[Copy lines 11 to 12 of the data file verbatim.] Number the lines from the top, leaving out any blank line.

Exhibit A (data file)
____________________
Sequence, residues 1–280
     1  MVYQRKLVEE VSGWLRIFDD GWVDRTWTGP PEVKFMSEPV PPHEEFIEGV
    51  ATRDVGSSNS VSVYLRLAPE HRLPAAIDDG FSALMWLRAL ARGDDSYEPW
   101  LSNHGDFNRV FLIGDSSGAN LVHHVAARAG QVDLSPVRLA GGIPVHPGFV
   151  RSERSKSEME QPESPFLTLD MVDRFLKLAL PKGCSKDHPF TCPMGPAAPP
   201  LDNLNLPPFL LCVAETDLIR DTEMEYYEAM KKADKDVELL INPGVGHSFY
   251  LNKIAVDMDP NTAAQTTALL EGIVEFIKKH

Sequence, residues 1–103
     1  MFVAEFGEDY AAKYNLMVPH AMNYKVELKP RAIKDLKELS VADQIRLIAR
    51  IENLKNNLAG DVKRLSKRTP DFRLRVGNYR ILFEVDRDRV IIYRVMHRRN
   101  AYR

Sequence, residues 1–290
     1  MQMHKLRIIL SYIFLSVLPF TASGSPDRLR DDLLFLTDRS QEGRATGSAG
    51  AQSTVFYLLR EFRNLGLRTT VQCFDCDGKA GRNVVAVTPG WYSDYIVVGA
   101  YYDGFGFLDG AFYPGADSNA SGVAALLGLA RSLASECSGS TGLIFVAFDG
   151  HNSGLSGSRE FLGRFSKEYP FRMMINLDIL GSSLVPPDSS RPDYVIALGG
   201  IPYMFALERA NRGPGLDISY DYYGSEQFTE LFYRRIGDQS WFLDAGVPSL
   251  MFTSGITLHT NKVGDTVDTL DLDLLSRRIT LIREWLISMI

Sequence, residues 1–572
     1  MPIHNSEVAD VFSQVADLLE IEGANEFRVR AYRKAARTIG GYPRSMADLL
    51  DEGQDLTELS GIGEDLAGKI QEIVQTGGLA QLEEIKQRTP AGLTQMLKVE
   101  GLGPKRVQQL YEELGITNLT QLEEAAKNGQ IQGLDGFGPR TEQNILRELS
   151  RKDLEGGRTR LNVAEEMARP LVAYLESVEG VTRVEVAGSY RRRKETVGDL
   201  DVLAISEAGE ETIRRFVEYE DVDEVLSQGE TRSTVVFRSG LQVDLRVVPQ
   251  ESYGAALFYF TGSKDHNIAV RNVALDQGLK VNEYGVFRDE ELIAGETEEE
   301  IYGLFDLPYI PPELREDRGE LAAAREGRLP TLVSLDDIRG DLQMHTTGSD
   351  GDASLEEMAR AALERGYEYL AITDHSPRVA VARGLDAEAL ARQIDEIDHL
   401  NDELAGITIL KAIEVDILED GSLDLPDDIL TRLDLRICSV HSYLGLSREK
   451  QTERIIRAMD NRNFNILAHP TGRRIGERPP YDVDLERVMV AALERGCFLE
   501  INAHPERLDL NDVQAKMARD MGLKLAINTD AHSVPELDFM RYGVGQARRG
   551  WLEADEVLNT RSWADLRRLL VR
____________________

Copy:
   101  AYR

Sequence, residues 1–290